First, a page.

FAIRFAX CITY, VA – Emmanuel Chavez Galicia expects to complete the large mural he is painting in a stairwell at Katherine Johnson Middle School in Fairfax City within a week.
The path the Dixer Studio tattoo artist took to paint the mural began with a conversation he had last November during the school’s career day.
After Galicia answered students’ questions about pursuing a career in the arts, school officials told her they wish they had known about him sooner.
“They were like, ‘We’d like to have a mural,'” Galicia told Patch on Wednesday. “I said, ‘I can do a mural.'”
What followed were months of discussions and approvals, culminating in the purchase of Galicia paint from Home Depot and the construction of scaffolding in one of the school’s stairwells.
“There’s an astronaut right there, and behind it will be the codes,” the artist said, pointing to the unfinished portion at the top right of his huge portrait of Johnson. Most people are probably familiar with the story of the famous NASA mathematician from the 2016 biopic “Hidden Figures.”
When the college adopted its new name in 2021, it debuted a mural depicting Johnson near the main entrance. With its design, Galicia wanted to do something different.
“We wanted something inspiring, but not just inspirational, something modern and more of a custom piece,” Galicia said.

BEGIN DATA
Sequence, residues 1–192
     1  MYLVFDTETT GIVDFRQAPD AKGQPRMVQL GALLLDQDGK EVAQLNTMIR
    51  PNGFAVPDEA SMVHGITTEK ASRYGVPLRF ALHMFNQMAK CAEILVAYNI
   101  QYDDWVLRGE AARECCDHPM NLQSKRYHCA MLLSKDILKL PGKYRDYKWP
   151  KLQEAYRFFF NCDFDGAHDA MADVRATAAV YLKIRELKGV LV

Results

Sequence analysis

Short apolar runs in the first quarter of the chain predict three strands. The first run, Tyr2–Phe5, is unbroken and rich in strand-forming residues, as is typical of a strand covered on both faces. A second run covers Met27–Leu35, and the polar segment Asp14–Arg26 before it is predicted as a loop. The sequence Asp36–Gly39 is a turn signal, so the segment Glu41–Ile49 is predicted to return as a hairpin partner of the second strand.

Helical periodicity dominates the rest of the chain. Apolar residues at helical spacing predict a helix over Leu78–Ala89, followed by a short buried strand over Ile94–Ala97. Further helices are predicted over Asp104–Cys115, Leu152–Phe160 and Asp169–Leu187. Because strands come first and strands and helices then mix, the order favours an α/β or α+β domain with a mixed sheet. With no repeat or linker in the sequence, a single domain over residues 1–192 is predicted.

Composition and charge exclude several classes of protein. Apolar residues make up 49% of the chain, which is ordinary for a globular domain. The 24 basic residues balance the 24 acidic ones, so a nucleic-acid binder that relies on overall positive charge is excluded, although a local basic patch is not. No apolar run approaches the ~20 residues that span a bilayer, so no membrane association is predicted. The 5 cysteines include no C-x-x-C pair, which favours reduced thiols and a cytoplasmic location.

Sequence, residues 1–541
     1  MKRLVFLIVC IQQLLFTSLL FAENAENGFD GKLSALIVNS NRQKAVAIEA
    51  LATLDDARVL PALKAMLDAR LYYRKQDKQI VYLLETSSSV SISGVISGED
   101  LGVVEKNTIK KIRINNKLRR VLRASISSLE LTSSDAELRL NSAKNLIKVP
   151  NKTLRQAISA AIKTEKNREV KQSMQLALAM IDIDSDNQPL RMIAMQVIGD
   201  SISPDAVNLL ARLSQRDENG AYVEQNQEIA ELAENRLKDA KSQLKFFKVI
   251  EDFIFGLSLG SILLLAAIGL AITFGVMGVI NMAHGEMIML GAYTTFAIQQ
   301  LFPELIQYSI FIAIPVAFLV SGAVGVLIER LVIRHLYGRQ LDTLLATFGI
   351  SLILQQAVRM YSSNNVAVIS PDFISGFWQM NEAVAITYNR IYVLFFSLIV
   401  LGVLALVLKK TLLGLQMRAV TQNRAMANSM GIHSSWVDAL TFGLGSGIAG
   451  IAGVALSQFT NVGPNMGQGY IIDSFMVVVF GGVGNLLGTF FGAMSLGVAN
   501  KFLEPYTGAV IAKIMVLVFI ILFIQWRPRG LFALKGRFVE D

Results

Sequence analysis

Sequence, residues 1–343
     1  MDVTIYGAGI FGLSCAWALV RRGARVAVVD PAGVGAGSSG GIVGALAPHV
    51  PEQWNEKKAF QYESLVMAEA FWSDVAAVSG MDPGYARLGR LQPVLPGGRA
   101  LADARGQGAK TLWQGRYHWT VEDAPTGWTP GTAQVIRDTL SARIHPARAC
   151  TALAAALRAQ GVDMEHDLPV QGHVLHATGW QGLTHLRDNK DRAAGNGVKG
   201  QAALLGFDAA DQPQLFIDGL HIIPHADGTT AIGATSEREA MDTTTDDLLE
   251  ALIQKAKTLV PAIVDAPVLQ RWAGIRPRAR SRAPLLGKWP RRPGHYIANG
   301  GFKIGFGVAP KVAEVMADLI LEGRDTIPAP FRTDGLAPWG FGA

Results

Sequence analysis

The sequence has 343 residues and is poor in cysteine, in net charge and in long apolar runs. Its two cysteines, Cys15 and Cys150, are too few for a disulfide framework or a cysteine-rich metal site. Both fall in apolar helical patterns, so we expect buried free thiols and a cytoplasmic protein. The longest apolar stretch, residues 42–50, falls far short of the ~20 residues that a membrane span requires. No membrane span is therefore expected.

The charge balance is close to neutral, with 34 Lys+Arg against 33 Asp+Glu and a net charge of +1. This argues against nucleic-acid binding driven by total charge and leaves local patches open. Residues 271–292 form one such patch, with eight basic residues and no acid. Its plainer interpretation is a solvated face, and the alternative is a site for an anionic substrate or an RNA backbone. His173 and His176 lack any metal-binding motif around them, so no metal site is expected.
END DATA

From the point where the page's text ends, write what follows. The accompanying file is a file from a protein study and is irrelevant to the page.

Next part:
Earlier Wednesday, the college held its 2022 Career Day, bringing working professionals into the school to talk to seventh and eighth graders about jobs they might want to do one day.
Related: 100 professionals mingle with college students during career day
School counselor Friday L. Oeur, who was one of the organizers of this year’s Careers Day, said it was important to show students what kinds of careers exist.
“If you expose them to a career now, they can start preparing for and taking classes in high school,” she said. “We had our Falls Church and Chantilly academies here. There are so many options to get in even at the high school level. It’s really important to get them interested in that now.”
Most of the questions the students posed to Galicia on Wednesday were the same ones anyone might have for a working artist.
“They were just asking natural organic questions,” he said. “They were preoccupied with what it takes to be an artist? I feel like people and kids, in general, have no idea what an artist is, do they? “When it comes to loving a painter or a graphic designer, what is it? Art is everything, really.”